Want to Be Your Own Boss? It Stinks – Here’s Why

by Darwin on August 30, 2010

Everyone’s always talking about how they want to quit the rat race and how great it would be to own their own business – Be Your Own Boss.  It sounds great, right?  Rolling out of bed whenever you want, working in your pajamas, making tons of money from home?  Well, unless you’re an A-List Blogger, which is near impossible due to the Economics of Blogging, you, as a small business owner are likely to be in for an unpleasant surprise.

If you can even make enough money to support yourself with a small business and replace the old salary and benefits your had from “the man” that you’re trying to distance yourself from in your old corporate life, here are some true-life examples from my friends and family that put small business ownership into perspective:

Story #1 – The Car Rental Agency

We just vacationed with some relatives who, after decades of building up their business as a franchise owner for a major car rental outfit, finally had a buyer for their business.  They’d been wanting to get out and retire for years, but due to the wretched economy, they just couldn’t find a buyer for the business at any price.  In fact, last year, they almost considered just throwing in the towel and walking away with nothing but their savings.  Well, they were persistent and continued to run the business until they finally found a buyer this year – another franchise owner.  As luck would have it, the closing was scheduled for the same week we were scheduled to vacation together and since we couldn’t change our plans, they figured they’d just run back to town for the closing for a day and then back to vacation.  Well, that’s not how it went.

At the last minute, even though all the terms and conditions had been agreed to in advance, the slimeball who was supposed to buy the business tried to pull a fast one and change the price of the deal.  He changed around all kinds of other things, threatened them, treated their current employees like crap, never told them where they stood with regards to employment with him as the new owner, etc.  This ordeal was so stressful and problematic that they basically had to skip the vacation entirely and only get one day out of it while the dealt with this nonsense the whole week until the deal was finally closed.  Now, you might be thinking, “Ah, that’s a one time event, they were selling the business”.  Well, no, this is normal over the decades they’d been running the business.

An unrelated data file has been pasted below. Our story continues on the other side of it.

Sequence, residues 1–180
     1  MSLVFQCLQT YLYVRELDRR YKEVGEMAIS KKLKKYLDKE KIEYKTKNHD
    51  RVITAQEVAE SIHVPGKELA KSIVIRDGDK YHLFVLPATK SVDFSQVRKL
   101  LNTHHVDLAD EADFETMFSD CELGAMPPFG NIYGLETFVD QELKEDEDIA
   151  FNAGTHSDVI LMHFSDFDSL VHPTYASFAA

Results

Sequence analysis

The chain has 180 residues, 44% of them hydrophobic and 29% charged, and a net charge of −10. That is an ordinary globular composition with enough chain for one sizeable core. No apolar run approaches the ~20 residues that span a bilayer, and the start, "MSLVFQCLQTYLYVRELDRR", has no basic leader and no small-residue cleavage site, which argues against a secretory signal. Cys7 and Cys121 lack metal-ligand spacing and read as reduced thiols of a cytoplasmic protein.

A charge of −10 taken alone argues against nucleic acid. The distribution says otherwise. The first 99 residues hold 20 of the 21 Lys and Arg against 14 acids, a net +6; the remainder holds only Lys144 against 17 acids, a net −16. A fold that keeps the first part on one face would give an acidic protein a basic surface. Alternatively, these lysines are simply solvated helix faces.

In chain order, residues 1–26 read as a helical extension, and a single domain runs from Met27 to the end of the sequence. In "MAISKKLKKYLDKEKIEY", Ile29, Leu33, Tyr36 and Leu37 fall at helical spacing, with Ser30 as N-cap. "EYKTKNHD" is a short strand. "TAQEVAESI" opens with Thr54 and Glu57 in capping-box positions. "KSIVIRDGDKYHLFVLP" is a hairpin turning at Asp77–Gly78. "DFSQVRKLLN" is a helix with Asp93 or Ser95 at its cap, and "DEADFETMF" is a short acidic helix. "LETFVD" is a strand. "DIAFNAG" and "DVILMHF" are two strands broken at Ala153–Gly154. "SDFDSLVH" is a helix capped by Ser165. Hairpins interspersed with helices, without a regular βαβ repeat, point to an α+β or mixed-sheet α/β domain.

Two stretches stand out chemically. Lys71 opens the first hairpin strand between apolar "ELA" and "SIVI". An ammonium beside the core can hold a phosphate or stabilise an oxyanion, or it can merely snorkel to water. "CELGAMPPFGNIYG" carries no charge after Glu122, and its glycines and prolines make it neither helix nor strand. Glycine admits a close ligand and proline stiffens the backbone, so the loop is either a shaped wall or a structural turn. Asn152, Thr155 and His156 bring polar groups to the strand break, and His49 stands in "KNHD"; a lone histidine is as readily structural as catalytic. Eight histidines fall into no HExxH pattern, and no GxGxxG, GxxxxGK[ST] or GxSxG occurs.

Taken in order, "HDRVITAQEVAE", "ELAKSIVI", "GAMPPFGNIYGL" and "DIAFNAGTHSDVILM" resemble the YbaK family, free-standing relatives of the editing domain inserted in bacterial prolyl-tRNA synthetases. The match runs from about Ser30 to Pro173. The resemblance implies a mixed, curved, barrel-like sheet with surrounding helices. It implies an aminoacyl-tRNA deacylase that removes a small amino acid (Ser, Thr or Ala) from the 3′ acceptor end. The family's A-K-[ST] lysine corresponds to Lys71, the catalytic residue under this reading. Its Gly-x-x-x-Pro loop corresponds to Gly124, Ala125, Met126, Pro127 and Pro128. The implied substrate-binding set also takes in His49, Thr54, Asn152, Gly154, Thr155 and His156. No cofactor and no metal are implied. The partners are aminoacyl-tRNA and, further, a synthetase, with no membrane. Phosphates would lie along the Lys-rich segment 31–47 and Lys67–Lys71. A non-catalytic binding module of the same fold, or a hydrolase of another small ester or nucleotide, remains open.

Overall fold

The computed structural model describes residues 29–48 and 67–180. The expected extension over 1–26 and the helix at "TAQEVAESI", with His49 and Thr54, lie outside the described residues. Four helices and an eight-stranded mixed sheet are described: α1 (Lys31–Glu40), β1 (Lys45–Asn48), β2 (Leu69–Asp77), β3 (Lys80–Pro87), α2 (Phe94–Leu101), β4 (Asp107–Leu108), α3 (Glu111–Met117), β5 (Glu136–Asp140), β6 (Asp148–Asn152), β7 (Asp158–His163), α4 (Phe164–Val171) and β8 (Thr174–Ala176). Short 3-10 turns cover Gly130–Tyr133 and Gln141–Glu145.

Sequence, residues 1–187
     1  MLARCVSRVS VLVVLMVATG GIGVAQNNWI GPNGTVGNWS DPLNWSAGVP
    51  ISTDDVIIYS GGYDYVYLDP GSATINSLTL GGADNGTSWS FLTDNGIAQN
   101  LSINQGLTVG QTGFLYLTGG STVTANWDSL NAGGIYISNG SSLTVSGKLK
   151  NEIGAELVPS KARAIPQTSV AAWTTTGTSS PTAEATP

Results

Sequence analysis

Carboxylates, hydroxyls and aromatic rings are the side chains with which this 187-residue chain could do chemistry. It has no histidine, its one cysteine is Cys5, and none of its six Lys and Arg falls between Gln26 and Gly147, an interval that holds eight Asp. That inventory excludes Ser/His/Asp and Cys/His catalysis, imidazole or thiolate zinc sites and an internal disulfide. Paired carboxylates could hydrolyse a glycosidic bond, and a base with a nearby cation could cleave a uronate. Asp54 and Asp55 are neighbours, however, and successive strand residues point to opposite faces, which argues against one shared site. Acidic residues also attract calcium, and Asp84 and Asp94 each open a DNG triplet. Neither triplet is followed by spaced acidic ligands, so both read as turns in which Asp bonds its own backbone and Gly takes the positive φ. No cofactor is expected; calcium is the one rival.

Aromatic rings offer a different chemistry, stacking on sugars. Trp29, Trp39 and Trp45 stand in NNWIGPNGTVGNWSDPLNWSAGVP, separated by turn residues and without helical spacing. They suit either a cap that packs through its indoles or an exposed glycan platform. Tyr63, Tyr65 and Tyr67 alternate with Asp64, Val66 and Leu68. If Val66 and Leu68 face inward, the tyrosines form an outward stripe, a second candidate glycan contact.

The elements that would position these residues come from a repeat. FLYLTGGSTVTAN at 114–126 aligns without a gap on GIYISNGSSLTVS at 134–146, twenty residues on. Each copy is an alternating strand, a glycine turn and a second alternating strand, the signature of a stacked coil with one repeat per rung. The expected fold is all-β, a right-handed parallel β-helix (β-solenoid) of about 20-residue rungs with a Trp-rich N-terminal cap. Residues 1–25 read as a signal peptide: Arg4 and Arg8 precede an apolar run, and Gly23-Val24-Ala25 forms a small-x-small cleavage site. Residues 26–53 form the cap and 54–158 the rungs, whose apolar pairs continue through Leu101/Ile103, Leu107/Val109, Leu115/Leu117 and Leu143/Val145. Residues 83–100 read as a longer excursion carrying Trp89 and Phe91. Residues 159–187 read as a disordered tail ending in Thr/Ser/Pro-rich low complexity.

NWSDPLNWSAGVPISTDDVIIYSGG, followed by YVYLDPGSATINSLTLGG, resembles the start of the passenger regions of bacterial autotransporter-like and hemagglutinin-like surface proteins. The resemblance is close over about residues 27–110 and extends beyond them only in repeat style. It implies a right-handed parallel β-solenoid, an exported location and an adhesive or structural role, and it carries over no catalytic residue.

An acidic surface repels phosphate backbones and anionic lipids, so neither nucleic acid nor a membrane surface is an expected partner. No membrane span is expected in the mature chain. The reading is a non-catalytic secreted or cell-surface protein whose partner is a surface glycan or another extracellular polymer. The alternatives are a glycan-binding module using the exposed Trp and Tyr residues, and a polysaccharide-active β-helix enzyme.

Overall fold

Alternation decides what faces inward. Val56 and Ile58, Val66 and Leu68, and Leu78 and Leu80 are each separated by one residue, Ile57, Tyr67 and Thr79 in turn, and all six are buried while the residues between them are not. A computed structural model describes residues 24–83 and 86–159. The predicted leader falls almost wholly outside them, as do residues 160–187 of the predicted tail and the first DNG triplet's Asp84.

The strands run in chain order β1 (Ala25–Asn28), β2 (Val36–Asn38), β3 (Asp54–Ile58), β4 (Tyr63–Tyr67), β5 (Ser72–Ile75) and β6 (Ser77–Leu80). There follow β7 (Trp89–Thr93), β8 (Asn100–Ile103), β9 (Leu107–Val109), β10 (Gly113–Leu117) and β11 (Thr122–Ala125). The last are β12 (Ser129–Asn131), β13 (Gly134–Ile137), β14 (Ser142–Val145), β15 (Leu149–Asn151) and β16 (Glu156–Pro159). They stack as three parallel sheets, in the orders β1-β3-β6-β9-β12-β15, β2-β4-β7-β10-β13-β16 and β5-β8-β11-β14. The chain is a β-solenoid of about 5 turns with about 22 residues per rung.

As owners of the franchise, the buck stops with them.  They had to deal with unruly customers, claims of discrimination when car rentals were declined, employees not showing up for work, cars being stolen/destroyed, lying customers, lying employees, and too many headaches to list here.  Since it’s a business, they were basically either on the premises or on the phone all day, all night, weekends included dealing with problems for years.

And They Weren’t Getting Rich!
Due to the advent of the internet, competitive bidding, algorithms, and a new type of consumer with no loyalty whatsoever that will go to the rental agency down the street for a dime in savings, the margins on the business have dropped substantially.  They had to constantly deal with some guy saying, “Yeah, I was going to use you but I can get a car for 7 dollars cheaper at the other place”, etc. to the point that it was really becoming a race to the bottom.  Even with volume, the margins were shrinking, and so was their income.

Upon selling, at one point, their sons asked if they could buy the business from them.  After all, the kids had worked in the place for years as teens and in their early 20s and they knew the business pretty well.  The answer was No – They wouldn’t wish this life on anyone, especially their own children.

Story #2 – The Tree Service

Growing up, my brother wasn’t the college/white collar type.  He had bounced from job to job out of highschool until he landed at a tree service.  Over the span of a few years, he had learned enough about climbing, equipment, pricing and how the business worked that he started his own tree service company and eventually hired up a decent sized staff and acquired a fair amount of heavy equipment.  For the uninitiated, this entails everything from trimming and cutting down some small trees to emergency jobs when massive trees fall on houses after a storm and giant lot clearing jobs for developers.  There’s a lot involved, as I learned when I worked for my brother one summer during my college years.

While he was his own boss and his business was growing, he didn’t exactly seem to be living the dream.  Here was his typical week: 6 days a week of 8-10 hour days on jobs, 2-3 hours several days a week doing estimates, several hours a week dealing with customers and trying to collect on prior jobs, hours per week having his equipment serviced, hours per week disposing of logs, working out deals with other subcontractors and mills, and all kinds of other things.  He tried to take Sundays off but that rarely worked out.  All told, he was probably putting in 80-100 hour weeks with about half of that being hard labor on 100+ degree days.  Then, during the winter, the money dried up, so he’d use his trucks to plow, and that work was sporadic – totally dependent on the snow, and usually starting at 4AM since people expect their driveways to be clear when they wake up.